Overview Edit

"The Supreme Court has held that a state cause of action is 'really' a federal cause of action which may be removed to federal court if the "federal cause of action completely preempts . . . the state cause of action.'"[1] "This principle is 'known as the complete preemption doctrine, and it is 'a distinct concept from ordinary preemption.'"[2]

"[T]he complete preemption doctrine applies only if 'the statute relied upon by the defendant as preemptive contains civil enforcement provisions within the scope of which the plaintiff's state claim falls.'"[3] The "second prerequisite for the application of the complete preemption doctrine [is]: 'a clear indication of a Congressional intention to permit removal despite the plaintiff’s exclusive reliance on state law.'"[4]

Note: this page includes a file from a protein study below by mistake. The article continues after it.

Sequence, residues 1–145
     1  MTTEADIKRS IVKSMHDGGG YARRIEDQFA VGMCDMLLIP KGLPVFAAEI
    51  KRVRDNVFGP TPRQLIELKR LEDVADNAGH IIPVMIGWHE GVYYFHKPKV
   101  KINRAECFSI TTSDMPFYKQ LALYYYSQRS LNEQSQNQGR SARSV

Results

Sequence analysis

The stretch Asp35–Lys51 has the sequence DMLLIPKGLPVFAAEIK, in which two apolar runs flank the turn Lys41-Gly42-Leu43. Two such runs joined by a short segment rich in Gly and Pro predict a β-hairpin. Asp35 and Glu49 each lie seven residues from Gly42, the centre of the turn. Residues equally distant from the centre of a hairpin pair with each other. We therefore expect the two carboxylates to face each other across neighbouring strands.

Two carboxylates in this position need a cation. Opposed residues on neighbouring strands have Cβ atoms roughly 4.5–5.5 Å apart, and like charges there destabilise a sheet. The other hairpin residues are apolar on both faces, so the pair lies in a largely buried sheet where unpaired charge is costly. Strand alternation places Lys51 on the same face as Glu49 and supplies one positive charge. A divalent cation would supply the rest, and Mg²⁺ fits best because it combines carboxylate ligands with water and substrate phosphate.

References Edit

  1. Goepel v. National Postal Mail Handlers Union, 36 F.3d 306, 310 (3d Cir. 1994) (full-text) (quoting Franchise Tax Board v. Construction Laborers Vacation Trust, 463 U.S. 1, 24 (1983) (full-text)).
  2. Id. (quoting Caterpillar, Inc. v. Williams, 482 U.S. 386, 393 (1987) (full-text); Railway Labor Executives Ass'n v. Pittsburgh & Lake Erie R. Co., 858 F.2d 936, 941 (3d Cir. 1988) (full-text)).
  3. Goepel, 36 F.3d at 311 (quoting Railway Labor, 858 F.2d at 942).
  4. Id.

See also Edit

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